Cognitive Distortions in the Works of Depressed Writers and Poets
Adviser: Teresa Tannazzo, Ph.D.

Previous research has shown that poets and prose writers have higher rates of depression than any other artist; as well as higher rates than the general public. Thomas and Duke (2007) analyzed the works of eminent depressed and non-depressed poets and prose writers for signs of cognitive distortions, or illogical thoughts that are signs of depression. They found that depressed authors had more cognitive distortions than non-depressed authors, with depressed poets having the highest number of cognitive distortions. However, Thomas and Duke only examined one work from each artist, and did not consider how the author’s fame may have affected their depression. The current study attempted to replicate the earlier study by analyzing cognitive distortions in the works of eight eminent depressed poets and eight eminent depressed prose writers. To investigate whether signs of depression varied across their careers, two works of each author were examined; one from an early period and one from a late period of their writing careers. It was hypothesized that poets would should more cognitive distortions than did writers and that there would be a higher number of cognitive distortions in their later works as career eminence impacted their depression. Fourteen pages of each work were randomly selected and were analyzed for nine designated cognitive distortions. Although poets did display more cognitive distortions than did prose writers and later period works did display slightly more cognitive distortions than did those from the early periods, a 2 x 2 mixed design ANOVA revealed no significant main effects or interaction. While the results were not significant, the differences found do suggest that future research employing larger samples may be successful.


Superstition, Anxiety and Control Differences in Division III College Athletes
Adviser: Diane Sherlip, Ph.D.

Previous research has related participation in athletic competition to elevated levels of stress and anxiety, and has indicated that the superstitious beliefs and rituals of some athletes reflect an effort to reduce stress and anxiety. Superstitious beliefs and rituals have also been associated with a more external locus of control. This previous research, however, has ignored whether the athletes competed in an individual or team sport despite the potential for this difference to impact athletic performance. As compensation, the present study investigated how anxiety, superstitious beliefs, and perceptions of control are related to sport type (individual versus team) as well as gender. I expected more superstitious beliefs and rituals, higher anxiety, and a more external locus of control in team sport athletes because they would experience greater pressure as their performance impacts their teammates’ success. I also hypothesized that male athletes would report more superstitious beliefs and rituals, higher anxiety, and a more external locus of control than did female athletes due to the greater societal emphasis on male athletic competition. Participants included 51 NCAA Division III college athletes who completed a survey packet comprised of a Personal Data Sheet (PDS), the Competitive State Anxiety Inventory-2 (CSAI-2), the Superstitious Beliefs Measure (SBM), and the Locus of Control Scale (LOC). The CSAI-2 has three subscales assessing somatic anxiety, cognitive anxiety, and self-confidence. The SBM provides an overall score as well as seven subscale scores reflecting different superstitious beliefs and rituals. These include 1) clothing, 2) fetish, 3) pregame, 4) game, 5) team, 6) prayer, and 7) coach. A series of independent samples t-tests revealed team sport athletes had significantly higher mean scores on the SBM as well as all its subscales except for “prayer” and “pregame”. Team sport athletes also had a significantly higher mean self-confidence score on the CSAI-2. Compared to male athletes, female athletes had slightly higher mean scores on the SBM and its “pregame”, “game”, and “team” subscales. They also displayed significantly higher somatic and cognitive anxiety scores, but significantly lower self confidence scores than did males on the CSAI-2. These results, however, had limited in statistical power due to the small sample size and its disproportionate distribution of athlete types. Future research should obtain larger, more diverse samples and explore potential differences between collegiate athletic competition levels.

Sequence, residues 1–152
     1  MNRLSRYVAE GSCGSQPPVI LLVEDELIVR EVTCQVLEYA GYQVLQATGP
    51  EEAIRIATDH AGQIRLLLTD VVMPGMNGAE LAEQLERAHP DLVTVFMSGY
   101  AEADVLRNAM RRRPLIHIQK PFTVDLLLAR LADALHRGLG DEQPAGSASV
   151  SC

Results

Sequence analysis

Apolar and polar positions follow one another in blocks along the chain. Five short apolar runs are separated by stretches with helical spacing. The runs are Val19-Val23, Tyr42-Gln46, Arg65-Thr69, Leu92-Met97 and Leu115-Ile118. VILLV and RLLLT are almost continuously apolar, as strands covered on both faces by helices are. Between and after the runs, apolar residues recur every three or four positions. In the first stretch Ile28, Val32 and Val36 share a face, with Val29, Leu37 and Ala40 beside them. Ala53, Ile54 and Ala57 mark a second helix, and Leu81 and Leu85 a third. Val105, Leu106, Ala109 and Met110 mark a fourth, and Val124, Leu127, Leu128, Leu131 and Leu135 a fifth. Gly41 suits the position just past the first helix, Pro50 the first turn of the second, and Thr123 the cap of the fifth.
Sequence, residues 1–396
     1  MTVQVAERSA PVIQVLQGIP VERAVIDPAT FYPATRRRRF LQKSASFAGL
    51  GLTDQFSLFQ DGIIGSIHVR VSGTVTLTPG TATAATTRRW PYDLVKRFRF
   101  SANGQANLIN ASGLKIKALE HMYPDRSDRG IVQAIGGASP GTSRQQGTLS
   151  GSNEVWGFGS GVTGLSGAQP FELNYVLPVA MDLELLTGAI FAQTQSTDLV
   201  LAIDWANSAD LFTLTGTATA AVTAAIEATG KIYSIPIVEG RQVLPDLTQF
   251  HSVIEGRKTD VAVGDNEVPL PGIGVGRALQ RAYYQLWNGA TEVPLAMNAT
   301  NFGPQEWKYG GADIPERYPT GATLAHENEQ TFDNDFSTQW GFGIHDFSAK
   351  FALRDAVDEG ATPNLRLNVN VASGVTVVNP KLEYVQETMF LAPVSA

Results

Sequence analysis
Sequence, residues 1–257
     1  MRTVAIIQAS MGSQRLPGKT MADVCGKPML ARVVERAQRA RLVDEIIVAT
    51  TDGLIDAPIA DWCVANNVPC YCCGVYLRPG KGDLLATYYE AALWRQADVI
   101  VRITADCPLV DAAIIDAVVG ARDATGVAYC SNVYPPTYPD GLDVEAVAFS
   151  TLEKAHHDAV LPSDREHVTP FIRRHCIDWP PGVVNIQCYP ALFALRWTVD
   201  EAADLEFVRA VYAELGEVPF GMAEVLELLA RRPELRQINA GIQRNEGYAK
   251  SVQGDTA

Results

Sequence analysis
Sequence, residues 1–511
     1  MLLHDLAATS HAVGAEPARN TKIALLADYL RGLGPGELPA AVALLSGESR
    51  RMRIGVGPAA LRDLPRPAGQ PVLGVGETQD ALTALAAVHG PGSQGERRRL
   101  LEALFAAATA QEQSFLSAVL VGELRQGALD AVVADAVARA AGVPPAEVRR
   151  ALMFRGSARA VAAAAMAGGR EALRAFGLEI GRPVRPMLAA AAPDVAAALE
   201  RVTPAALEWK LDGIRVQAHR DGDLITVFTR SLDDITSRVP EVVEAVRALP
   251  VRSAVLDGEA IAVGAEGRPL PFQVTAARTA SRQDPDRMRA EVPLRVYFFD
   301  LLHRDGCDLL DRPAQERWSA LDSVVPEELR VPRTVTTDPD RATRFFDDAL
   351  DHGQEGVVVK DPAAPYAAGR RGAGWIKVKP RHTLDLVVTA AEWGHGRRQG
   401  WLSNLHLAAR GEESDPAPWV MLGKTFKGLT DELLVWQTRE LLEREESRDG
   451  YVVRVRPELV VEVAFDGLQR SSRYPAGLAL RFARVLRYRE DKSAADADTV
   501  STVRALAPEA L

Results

The Relationship between Social Support, Personality Traits and Leadership
Adviser: Dominique Treboux, Ph.D.